“You have to have a supreme karma to live on Maui, or even to visit it,” says Carlos Santana. “There are people who may never even see Maui in this lifetime. It’s like I’m replenishing when I come to Maui or the islands. I feel like I’m sucking up all kinds of glorious energy. There’s something extremely divine.”
Santana i setting out on a “Transmogrify Tour,” which refers to a process of transformation. “The Transmogrify Tour means that because of the sound, resonance and vibration that Santana emanates as a band we’re able to assault the senses, give people chills, they laugh, they cry, they dance, and they remember what it was like to be seven years old again,” he explains. “You’re not into judging and criticizing and having a cynical outlook on things. So that’s why we call it transmogrify as it’s a way of saying change your arrangements in your brain and receive blessings and miracles.
“You come to realize after a while that miracles happen when there is willingness and you allow willingness to change your mind. Things don’t happen with people that are curmudgeons or cynical. I call them cement brains. Few things can grow with a cement mind with false pride, fear and arrogance.”
The tour title also connects with our current political climate. “There’s so much in the climate right now of selling fear, probably more than ever before,” he notes. “Everything’s about constantly selling you fear. People on the island can grab and chew on this like good gum – my light will see me through.”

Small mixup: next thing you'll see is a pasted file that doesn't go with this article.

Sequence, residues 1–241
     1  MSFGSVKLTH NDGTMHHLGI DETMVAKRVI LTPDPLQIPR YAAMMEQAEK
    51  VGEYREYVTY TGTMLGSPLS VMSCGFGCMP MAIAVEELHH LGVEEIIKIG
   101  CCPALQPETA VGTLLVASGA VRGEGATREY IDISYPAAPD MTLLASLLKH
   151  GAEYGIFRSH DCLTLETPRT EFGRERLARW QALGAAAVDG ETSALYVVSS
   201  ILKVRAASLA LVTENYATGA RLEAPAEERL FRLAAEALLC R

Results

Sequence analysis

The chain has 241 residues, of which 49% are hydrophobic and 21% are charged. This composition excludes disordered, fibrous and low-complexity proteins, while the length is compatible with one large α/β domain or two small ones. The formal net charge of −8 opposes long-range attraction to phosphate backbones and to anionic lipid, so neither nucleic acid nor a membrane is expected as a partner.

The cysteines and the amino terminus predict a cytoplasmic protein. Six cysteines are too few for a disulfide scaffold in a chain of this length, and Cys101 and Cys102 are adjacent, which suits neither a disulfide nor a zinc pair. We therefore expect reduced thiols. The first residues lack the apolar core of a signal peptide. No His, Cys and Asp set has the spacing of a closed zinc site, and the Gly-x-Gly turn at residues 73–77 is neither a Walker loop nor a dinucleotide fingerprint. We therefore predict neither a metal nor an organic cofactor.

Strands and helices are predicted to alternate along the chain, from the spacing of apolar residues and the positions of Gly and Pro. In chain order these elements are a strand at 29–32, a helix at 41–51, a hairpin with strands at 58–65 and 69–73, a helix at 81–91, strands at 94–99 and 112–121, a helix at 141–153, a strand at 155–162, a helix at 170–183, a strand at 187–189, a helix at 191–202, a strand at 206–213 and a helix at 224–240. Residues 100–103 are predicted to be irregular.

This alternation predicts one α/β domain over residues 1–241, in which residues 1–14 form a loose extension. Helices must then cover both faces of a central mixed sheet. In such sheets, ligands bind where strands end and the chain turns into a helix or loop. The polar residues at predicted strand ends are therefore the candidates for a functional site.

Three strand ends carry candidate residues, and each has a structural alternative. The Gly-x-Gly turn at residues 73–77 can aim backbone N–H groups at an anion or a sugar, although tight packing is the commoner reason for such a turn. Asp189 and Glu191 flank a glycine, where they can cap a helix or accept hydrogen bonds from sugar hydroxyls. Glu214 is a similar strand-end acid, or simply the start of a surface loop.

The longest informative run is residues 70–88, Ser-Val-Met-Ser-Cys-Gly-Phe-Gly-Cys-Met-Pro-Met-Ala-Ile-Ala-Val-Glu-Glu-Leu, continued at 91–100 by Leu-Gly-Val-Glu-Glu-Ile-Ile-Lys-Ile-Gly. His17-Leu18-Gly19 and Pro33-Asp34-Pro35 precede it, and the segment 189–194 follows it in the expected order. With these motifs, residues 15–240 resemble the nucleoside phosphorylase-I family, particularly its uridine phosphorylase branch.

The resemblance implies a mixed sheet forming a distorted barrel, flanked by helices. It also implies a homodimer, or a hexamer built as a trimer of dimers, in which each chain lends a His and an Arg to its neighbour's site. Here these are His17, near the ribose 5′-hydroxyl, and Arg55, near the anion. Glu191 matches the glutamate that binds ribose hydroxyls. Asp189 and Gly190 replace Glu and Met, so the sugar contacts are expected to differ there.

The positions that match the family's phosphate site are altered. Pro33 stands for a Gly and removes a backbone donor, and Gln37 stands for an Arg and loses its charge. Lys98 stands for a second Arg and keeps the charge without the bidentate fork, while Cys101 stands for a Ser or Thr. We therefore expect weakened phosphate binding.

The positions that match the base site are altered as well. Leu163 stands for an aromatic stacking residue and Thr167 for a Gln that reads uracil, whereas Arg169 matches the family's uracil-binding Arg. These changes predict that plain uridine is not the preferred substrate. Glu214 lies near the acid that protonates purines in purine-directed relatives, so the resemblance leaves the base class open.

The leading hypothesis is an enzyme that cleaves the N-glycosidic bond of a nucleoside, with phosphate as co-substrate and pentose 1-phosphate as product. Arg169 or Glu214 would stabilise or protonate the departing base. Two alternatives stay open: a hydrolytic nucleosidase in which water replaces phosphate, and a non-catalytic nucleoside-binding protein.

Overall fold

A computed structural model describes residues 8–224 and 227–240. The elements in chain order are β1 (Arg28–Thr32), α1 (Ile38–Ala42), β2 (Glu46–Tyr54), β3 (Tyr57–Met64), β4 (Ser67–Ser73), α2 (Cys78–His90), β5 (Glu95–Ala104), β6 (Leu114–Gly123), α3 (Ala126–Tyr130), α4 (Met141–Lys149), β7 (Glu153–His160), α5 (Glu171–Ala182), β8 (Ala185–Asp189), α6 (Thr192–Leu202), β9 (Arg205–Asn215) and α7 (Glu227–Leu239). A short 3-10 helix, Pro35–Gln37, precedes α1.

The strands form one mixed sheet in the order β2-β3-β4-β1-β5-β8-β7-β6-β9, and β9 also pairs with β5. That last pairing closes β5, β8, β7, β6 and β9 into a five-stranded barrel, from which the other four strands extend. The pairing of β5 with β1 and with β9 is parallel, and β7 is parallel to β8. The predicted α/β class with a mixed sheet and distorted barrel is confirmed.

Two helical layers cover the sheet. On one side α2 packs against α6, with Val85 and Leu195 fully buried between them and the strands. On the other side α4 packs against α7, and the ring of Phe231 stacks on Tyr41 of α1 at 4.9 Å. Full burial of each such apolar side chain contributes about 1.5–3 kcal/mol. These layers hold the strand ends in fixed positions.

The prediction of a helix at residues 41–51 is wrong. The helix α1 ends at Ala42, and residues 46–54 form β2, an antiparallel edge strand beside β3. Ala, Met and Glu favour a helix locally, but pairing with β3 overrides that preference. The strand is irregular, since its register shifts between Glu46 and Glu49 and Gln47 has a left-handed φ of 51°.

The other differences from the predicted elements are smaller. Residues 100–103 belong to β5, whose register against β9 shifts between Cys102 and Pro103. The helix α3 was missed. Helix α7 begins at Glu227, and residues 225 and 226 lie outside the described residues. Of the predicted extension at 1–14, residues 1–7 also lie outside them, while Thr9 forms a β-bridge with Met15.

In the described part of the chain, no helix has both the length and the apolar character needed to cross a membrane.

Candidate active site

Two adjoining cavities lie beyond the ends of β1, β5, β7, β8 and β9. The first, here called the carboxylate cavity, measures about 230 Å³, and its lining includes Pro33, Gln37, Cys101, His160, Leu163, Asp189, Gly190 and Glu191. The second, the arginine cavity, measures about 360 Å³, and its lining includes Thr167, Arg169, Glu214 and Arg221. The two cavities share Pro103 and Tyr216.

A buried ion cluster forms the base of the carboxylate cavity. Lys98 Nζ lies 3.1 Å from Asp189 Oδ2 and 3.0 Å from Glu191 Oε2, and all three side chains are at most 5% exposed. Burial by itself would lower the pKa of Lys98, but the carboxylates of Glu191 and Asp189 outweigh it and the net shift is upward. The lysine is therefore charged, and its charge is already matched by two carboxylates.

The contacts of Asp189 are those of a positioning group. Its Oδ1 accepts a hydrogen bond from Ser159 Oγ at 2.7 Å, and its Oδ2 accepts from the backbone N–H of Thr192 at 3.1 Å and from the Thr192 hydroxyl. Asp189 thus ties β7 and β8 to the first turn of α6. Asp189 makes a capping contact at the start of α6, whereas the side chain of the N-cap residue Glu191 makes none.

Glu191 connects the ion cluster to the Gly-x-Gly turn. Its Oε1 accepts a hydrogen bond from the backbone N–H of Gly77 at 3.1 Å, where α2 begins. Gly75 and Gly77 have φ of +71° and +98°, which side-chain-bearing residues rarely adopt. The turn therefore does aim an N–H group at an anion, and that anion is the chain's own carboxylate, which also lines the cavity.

The son of a noted mariachi violinist, Santana grew up in Tijuana, in a neighborhood with no electricity or running water. In his early teens he began playing guitar and bass in local rock bands. Santana explains his unique, distinctive guitar sound came to him in his formative days. “There’s a saying abut a deer. A deer was making itself crazy running all over the woods to look for musk and it didn’t realize that musk was already in its fir. I tried for the longest time to sound like B.B. King and Freddie King and Albert King and Otis Rush and Buddy Guy and Eric Clapton, all the people I loved. I used to hide myself in the closet in the dark and just play, so I could get closer to those I loved in sound. Then I realized no matter how much I tried I just sound like me. Why am I fighting it?”
Santana will next release a record with soul great, Ronald Isley of the Isley Brothers, in late summer. “It’s called ‘Supernatural Power of Peace,’ and with everything that’s happening on this planet with people selling fear this CD will blow people away because it’s such a balm, it’s such a healing energy,” Santana enthuses.
Some of the songs they interpret on the album include Marvin Gaye’s “Mercy, Mercy Me;” “Love, Peace & Happiness” by the Chambers Brothers; Muddy Waters’ “I Just Want To Make Love To You;” Curtis Mayfield’s “Gypsy Woman;” and Willie Dixon’s “It Don’t Make Sense (You Can’t Make Peace).”
“When you hear the CD from the beginning to the end you won’t believe what we did to the songs,” he says. “We totally reconstructed songs like Burt Bacharach’s ‘What the World Needs Now is Love.’ We even do ‘Let There Be Peace on Earth’ at the end, and I purposely did it with congas like you’re in Africa. I’ll go to church if you have congas. If you don’t have congas I’ll stay home and look at the sky. If I need instruments to make a joyful noise I need congas.
“We did an incredible version of Stevie Wonder’s ‘Higher Ground,’ which my wife, Cindy Blackman, arranged and she played drums on it. And you won’t believe what we did to Billie Holiday’s ‘God Bless the Child.’ To hear the songs they way they flow together it’s such a treat to your heart and ears, because it’s opposite of what is happening right now with the big F word, the fear word.”